Research led by North Carolina State University sheds new light on the ways in which protons and neutrons can bind and even undergo a quantum phase transition. The work has implications for understanding the connections between nuclear interactions and nuclear structure found in nature.
NC State physicist Dean Lee and collaborators are interested in figuring out exactly how protons and neutrons bind to form nuclei. These particles are the building blocks of the universe, coming together to form nuclei like Helium-4, or alpha particles, which in turn play a role in the synthesis of carbon and oxygen within stars.
Protons and neutrons can have either spin up or spin down, and these four distinct nucleons can combine to form nuclei. Since two nucleons of the same type and spin cannot occupy the same state, the Helium-4 nucleus is special since it is composed of one of each type of nucleon – spin-up and spin-down varieties of both protons and neutrons.
Lee, along with colleagues from Bonn University, Bochum University, Forschungszentrum Juelich and Mississippi State University ran quantum Monte Carlo simulations on a numerical lattice to predict how protons and neutrons form nuclei, and how those nuclei interact with each other. They focused on the form of the interactions among nucleons. Specifically, they considered two types of interactions: local interactions, where the particles’ positions relative to one another don’t change; and non-local interactions, where the positions do change.
Lee and his colleagues ran simulations of nuclei of up to 20 nucleons formed by local and non-local interactions. Their initial intent was to make the simulations more efficient, but they quickly discovered something more interesting.
“We found a quantum phase transition we didn’t expect to see,” Lee says. “When we put two Helium-4 nuclei or alpha particles together using a local interaction for the nucleons, they stuck together, but with non-local interactions they didn’t. The interaction between the alpha particles at zero temperature determined whether we ended up with a Bose gas, or a nuclear liquid. And those alpha particle interactions were dependent upon the strength and locality of the nucleon interactions.
“What this tells us is that nature itself is close to an instability we haven’t seen before,” Lee adds. “If you changed one small parameter, things in our universe could be very different. These simulations offer a great window into how forces are connected to structure.”
The research appears in Physical Review Letters. Funding was provided by the U.S. Department of Energy (grant DE-FG0203ER41260), the National Science Foundation (grant PHY-1307453), the Deutsche Forschungsgemeinschaft, the Helmholtz Association and the BMBF.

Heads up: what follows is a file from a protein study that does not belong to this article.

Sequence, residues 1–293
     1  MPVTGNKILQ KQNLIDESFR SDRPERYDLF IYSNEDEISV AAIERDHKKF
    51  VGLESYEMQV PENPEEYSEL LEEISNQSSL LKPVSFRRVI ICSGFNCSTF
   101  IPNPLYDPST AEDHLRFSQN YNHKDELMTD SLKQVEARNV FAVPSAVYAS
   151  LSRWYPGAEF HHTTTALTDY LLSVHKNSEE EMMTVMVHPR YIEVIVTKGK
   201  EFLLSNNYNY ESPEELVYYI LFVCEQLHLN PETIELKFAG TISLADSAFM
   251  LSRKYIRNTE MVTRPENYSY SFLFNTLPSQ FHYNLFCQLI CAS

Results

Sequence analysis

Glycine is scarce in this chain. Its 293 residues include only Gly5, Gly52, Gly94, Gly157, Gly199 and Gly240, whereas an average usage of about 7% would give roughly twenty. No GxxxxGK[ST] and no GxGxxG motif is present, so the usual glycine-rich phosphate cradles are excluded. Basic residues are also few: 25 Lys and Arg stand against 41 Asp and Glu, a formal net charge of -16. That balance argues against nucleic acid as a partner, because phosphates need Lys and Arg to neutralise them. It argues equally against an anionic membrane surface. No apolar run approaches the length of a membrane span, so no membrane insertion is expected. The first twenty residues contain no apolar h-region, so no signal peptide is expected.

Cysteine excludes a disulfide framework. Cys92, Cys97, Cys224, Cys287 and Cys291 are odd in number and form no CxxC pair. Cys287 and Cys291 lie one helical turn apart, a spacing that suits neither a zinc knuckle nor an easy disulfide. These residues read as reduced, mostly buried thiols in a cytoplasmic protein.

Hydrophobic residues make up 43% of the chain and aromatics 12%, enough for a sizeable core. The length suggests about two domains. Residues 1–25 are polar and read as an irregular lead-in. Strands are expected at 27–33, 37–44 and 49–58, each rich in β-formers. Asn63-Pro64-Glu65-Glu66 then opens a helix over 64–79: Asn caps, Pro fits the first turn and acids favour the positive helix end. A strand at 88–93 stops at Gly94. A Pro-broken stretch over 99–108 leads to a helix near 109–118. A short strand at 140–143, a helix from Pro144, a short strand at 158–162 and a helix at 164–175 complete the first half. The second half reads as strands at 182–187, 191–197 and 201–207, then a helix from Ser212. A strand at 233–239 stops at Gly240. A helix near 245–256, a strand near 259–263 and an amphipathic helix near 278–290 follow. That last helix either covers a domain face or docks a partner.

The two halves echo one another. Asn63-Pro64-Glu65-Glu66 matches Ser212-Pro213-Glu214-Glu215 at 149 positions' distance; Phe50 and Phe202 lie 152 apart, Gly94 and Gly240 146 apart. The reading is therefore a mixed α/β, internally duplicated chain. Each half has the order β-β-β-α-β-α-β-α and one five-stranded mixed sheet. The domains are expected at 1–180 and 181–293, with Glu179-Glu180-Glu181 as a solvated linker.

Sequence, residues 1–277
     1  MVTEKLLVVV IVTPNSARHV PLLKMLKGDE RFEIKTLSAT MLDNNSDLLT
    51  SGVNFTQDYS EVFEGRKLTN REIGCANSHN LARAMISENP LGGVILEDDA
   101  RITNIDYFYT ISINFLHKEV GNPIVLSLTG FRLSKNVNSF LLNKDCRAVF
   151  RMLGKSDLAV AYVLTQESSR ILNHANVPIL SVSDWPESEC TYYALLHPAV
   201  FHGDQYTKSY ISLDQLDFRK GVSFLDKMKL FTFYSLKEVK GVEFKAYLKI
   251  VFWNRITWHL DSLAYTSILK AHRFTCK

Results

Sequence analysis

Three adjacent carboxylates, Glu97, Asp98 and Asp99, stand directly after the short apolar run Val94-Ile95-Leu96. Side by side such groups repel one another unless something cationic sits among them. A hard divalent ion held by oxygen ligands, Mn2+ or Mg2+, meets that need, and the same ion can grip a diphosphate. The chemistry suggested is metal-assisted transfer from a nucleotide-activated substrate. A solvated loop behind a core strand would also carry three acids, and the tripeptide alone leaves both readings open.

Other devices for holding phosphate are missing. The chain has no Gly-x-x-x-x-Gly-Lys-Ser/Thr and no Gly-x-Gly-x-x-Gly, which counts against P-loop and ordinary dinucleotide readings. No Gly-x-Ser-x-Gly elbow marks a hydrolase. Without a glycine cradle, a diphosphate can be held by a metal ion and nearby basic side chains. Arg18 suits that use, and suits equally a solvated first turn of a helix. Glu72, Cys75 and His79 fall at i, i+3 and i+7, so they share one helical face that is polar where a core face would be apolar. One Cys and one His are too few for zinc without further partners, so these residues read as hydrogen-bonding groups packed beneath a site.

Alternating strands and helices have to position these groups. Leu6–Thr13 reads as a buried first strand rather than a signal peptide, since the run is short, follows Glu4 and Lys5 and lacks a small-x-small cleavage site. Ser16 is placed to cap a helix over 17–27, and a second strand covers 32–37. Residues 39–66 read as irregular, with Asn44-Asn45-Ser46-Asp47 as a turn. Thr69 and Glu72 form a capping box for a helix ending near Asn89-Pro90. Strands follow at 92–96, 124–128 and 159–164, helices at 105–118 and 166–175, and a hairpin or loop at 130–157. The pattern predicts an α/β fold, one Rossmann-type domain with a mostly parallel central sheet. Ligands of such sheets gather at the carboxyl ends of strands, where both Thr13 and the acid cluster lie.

Note to editors: Abstract of release follows.
“Nuclear binding near a quantum phase transition”
Authors: Serdar Elhatisari, Jose Alarcón, Nico Klein, Ulf-G. Meiβner, Bonn University; Ning Li, Dechuan Du, Bing-nan Lu, Timo Lähde, Forschungszentrum Jülich; Alexander Rokash, Evgeny Epelbaum, Hermann Krebs, Ruhr-Universität Bochum; Dean Lee, North Carolina State University; Gautam Rupak, Mississippi State University
Published: Sept. 7, 2016 in Physical Review Letters
How do protons and neutrons bind to form nuclei? This is the central question of ab initio nuclear structure theory. While the answer may seem as simple as the fact that nuclear forces are attractive, the full story is more complex and interesting. In this work we present numerical evidence from ab initio lattice simulations showing that nature is near a quantum phase transition, a zero-temperature transition driven by quantum fluctuations. Using lattice effective field theory, we perform Monte Carlo simulations for systems with up to twenty nucleons. For even and equal numbers of protons and neutrons, we discover a first-order transition at zero temperature from a Bose-condensed gas of alpha particles (4He nuclei) to a nuclear liquid. Whether one has an alpha-particle gas or nuclear liquid is determined by the strength of the alpha-alpha interactions, and we show that the alpha-alpha interactions depend on the strength and locality of the nucleon-nucleon interactions. This insight should be useful in improving calculations of nuclear structure and important astrophysical reactions involving alpha capture on nuclei. Our findings also provide a tool to probe the structure of alpha cluster states such as the Hoyle state responsible for the production of carbon in red giant stars and point to a connection between nuclear states and the universal physics of bosons at large scattering length.
This post was originally published in NC State News.